The Value Of Morals In Business
If the phrase "nice guys finish last" holds even a shred of truth, then the candidates of this series of the BBC’s The Apprentice series are a shoe-in for success in its most repulsive decadence. Here we ask whether being a cutthroat corporate character holds any stock in the real world of business.
Groans could be heard throughout the country when the first set of (self) promotional trailers were rolled out for series nine of The Apprentice. However, the arrogance of this year’s set of young professionals, no matter how contrived, is only exceeded by their success in the modern world of business.
It is a well-established idea, that in order to be successful, you have to be ruthless. According to a 2011 study by a leading US business school – this notion rings true.
Dr Robert Livingstone of the Kellogg School of Management, Northwestern University, says: "Nice guys don't make it to the top when their group needs a dominant leader to lead them at a time of conflict.
"Being too generous often comes at a personal cost to one's position of strength or power."
The extensive research conducted into the subject by the US institute found that by being compassionate or unselfish, an individual becomes less appealing as a leader. And, as it would be disingenuous to describe The Apprentice 2013 candidates as either of the aforementioned adjectives, they may be on to something.
Take hopeful contestant, Myles Mordaunt, who, without a hint of irony or embarrassment, announced his arrival as “business perfection personified.” Or his competitor Jason Leech, who believes that it is his “effortless superiority” that will see him through – they are both affluent businessmen.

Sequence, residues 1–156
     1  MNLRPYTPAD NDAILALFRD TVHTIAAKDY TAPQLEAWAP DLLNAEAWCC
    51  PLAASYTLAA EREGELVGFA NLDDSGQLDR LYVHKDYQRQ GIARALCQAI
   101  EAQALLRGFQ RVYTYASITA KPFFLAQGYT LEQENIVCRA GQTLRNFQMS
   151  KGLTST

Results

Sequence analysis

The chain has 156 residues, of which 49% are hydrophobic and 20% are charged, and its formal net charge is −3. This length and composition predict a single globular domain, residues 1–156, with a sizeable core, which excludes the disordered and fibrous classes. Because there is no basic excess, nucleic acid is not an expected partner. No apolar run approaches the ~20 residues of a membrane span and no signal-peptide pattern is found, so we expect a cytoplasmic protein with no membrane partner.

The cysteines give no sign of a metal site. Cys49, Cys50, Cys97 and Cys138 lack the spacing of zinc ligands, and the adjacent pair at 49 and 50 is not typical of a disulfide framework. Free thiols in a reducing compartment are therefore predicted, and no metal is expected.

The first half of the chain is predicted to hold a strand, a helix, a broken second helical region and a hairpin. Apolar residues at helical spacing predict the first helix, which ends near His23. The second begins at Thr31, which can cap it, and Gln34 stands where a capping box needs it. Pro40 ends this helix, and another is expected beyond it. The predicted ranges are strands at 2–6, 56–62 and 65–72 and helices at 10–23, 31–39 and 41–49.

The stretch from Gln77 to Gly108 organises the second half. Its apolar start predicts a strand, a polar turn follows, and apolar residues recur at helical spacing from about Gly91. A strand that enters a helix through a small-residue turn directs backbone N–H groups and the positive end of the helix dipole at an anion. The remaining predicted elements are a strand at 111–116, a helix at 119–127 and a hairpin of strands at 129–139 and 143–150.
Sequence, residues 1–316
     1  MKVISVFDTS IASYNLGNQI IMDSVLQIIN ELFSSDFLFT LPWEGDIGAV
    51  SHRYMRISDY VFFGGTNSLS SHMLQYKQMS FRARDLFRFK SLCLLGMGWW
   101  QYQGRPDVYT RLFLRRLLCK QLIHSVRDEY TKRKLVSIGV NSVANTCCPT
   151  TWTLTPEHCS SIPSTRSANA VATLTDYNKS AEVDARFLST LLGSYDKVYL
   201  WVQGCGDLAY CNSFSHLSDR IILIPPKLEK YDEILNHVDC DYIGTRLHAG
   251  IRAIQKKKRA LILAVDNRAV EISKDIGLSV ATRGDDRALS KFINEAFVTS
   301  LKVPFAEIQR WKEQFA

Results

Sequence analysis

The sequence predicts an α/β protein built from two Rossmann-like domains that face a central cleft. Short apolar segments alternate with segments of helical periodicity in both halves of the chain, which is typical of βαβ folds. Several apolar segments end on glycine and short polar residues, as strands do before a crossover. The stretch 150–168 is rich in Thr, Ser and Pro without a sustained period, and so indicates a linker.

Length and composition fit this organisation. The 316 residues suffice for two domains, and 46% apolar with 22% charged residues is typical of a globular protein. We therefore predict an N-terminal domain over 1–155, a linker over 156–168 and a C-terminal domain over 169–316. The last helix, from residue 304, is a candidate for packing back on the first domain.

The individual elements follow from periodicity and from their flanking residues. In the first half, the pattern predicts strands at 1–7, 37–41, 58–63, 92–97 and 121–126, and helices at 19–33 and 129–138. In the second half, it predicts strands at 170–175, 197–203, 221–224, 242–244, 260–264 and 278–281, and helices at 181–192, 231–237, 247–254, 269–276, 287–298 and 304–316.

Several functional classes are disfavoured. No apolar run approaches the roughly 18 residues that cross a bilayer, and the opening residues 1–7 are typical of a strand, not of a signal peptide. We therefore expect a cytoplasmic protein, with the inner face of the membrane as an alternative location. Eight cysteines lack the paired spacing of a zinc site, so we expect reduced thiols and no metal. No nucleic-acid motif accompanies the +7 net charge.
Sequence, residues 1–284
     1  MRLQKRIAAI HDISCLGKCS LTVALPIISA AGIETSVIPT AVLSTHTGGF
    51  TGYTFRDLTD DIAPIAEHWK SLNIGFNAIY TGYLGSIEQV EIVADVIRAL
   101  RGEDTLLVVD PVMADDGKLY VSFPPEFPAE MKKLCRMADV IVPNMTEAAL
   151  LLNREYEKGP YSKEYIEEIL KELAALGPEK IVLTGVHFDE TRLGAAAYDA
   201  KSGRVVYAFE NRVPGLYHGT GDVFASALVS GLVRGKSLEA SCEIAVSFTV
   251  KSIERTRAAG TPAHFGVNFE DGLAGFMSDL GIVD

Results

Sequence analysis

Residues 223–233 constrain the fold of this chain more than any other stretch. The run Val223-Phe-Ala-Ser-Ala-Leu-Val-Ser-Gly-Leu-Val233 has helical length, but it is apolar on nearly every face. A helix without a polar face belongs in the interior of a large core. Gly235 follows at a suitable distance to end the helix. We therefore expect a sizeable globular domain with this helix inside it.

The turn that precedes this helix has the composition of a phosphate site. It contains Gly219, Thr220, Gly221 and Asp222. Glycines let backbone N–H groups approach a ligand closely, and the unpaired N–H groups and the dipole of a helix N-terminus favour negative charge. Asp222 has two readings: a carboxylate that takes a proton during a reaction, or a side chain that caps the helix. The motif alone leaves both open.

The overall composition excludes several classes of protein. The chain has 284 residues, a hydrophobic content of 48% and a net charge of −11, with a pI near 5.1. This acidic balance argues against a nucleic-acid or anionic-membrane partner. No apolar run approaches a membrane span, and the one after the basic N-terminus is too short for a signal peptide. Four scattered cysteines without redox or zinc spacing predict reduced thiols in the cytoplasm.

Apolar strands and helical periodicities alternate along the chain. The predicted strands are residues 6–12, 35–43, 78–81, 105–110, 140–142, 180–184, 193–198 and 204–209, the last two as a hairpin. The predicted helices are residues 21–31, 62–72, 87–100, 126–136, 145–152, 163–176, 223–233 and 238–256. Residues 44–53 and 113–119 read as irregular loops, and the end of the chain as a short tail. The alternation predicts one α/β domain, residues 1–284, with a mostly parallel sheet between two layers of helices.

However there is hope for those aiming to achieve success without resorting to shameless self-promotion (usually at the expense of others). Venture Capitalist, David Hornik believes that ‘nice guys’ can actually be more successful than their confrontational counterparts.
He told Wired magazine: “Company-building is more collaborative than adversarial. Leaders need to co-operate with employees, partners, distributors, customers etc. As a result, executives who optimise for the confrontational aspects of their job, rather than the collaborative ones, will miss the mark.”
The collaborative approach to leadership and productivity has proved successful throughout the business and franchise world, providing individuals take responsibility for their own roles.
No matter how high your ambitions in the business world may be, the adage; ‘it is lonely at the top’ is never truer than if you reach it by cutting all ties on the way up.
By Gareth Samuel